COVID-19: The Recovery will Happen in Public Space

Integrating Land Use and Transportation Planning through Placemaking

Gary Toth
Apr 20, 2011
Dec 14, 2017

By Gary Toth, Senior Director, Transportation Initiatives

A key issue for sustainable development is the relationship between transportation and land use: some of the most egregious land use issues, both in America and in the world at large, stem from the misguided investment in transportation systems that prioritize high speed mobility. What inevitably follows is spread out development dependent on the automobile for access to critical needs. This places all other modes of travel at a disadvantage. The highly mobile transportation system (or “supply”) has affected land use patterns, particularly how people choose to locate their homes and businesses. Conversely, spread out land use patterns further increase the demand for transportation because of greater travel distances, and this has become the eternal cycle that we now find ourselves in, one that is unsustainable in the long-run.

Land use that favors mobility and cars over accessibly and places is no longer viable.

The transportation investment policies and programs of the 21st Century must be based on a more balanced approach. They must steer away from mobility for mobility’s sake and be founded on the principle that the ultimate role of transportation is to connect people with the goods, activities and people that they need to make exchanges with.

This means that transportation investment policies and programs must be coupled with land use policies and programs if we are to be successful. In core urban areas, streets need to be viewed as places of exchange – both social and economic – and traffic speeds need to be tuned to facilitate that exchange, not high speed mobility. Non-motorized transportation is the lifeblood of our urban cores, and the erosion of those cores by the focus on high speed mobility must be reversed.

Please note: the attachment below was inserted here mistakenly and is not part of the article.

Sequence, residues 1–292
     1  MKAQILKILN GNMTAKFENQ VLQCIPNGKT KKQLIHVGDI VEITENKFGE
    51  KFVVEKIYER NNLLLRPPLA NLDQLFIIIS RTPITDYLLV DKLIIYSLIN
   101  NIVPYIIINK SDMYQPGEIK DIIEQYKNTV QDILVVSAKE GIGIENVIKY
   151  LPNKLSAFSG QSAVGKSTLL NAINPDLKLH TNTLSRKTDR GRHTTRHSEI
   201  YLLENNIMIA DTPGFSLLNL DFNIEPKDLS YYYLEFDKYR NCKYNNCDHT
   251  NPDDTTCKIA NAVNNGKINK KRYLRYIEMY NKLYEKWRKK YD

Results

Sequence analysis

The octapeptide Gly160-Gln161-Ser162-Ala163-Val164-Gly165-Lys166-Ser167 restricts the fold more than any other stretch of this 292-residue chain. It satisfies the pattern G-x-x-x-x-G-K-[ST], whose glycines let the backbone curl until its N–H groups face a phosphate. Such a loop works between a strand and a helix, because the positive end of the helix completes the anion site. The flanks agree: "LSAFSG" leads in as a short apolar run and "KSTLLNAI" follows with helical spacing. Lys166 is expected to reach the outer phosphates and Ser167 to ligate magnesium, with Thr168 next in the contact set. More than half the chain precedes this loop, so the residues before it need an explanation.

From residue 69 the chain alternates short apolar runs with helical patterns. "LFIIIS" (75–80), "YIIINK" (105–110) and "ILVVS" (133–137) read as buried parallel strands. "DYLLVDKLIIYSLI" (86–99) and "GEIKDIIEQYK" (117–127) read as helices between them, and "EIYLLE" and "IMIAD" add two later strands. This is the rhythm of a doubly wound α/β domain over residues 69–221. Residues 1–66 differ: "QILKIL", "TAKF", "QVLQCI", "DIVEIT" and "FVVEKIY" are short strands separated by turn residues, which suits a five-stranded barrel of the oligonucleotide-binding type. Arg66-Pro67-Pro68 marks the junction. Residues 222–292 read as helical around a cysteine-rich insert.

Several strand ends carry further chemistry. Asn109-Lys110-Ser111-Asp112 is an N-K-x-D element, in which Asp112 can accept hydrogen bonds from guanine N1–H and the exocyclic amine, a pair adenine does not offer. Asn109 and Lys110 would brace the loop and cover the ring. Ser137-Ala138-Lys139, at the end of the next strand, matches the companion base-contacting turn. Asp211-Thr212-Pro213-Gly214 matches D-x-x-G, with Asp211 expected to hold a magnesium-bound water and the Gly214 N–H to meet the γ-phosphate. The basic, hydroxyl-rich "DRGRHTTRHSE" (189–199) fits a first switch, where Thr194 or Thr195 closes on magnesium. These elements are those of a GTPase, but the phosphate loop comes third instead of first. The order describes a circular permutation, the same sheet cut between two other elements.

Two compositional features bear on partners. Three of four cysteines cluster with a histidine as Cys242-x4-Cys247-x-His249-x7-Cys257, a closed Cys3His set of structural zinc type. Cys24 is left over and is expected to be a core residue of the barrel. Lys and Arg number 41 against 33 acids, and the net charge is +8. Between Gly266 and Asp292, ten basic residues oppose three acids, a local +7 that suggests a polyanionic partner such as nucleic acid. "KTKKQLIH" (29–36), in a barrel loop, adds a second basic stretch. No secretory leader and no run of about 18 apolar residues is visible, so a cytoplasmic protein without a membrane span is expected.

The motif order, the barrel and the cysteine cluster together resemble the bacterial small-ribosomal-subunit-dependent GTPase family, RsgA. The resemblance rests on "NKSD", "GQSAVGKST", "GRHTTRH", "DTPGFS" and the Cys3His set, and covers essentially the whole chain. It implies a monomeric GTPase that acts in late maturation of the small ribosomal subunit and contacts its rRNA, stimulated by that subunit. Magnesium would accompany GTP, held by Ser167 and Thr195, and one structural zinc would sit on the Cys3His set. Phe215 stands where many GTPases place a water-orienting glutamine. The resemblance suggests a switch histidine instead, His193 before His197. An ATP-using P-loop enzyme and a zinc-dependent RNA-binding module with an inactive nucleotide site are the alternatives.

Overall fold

When considering integrated land use and transport planning, Placemaking promotes a simple principle: if you plan cities for cars and traffic, you get cars and traffic. If you plan for people and places, you get people and places. The power of this simple idea is that it reflects basic truths that are rarely acknowledged. One such truth is that more traffic and road capacity are not the inevitable results of growth. They are in fact the products of very deliberate choices that have been made to shape our communities around the private automobile. We have the ability to make different choices–starting with the decision to design our streets as comfortable places for people.

Streets can become destinations worth visiting, not just thruways to and from the workplace. Transit stops and stations can make commuting by rail or bus a pleasure.

Neighborhood streets can be places where parents feel safe letting their children play, and commercial strips can be designed as grand boulevards, safe for walking and cycling and allowing for both through and local traffic. Streets that are planned for people, meaning they are not completely auto-centric, add to the social cohesion of communities by ensuring human interaction, and providing safe public space that promotes cultural expression. A well designed network of streets, which are place-based in their scope and design, has the ability to promote active transportation. As a result, they encourage improved public health while shifting transportation towards sustainability, mitigating the impacts of climate change in the process.

Transportation—the process of going to a place—can be wonderful if we rethink the idea of transportation itself. We must remember that transportation is the journey, but enhancing the community is always the goal.

Gary Toth
Gary Toth
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COVID-19: The Recovery will Happen in Public Space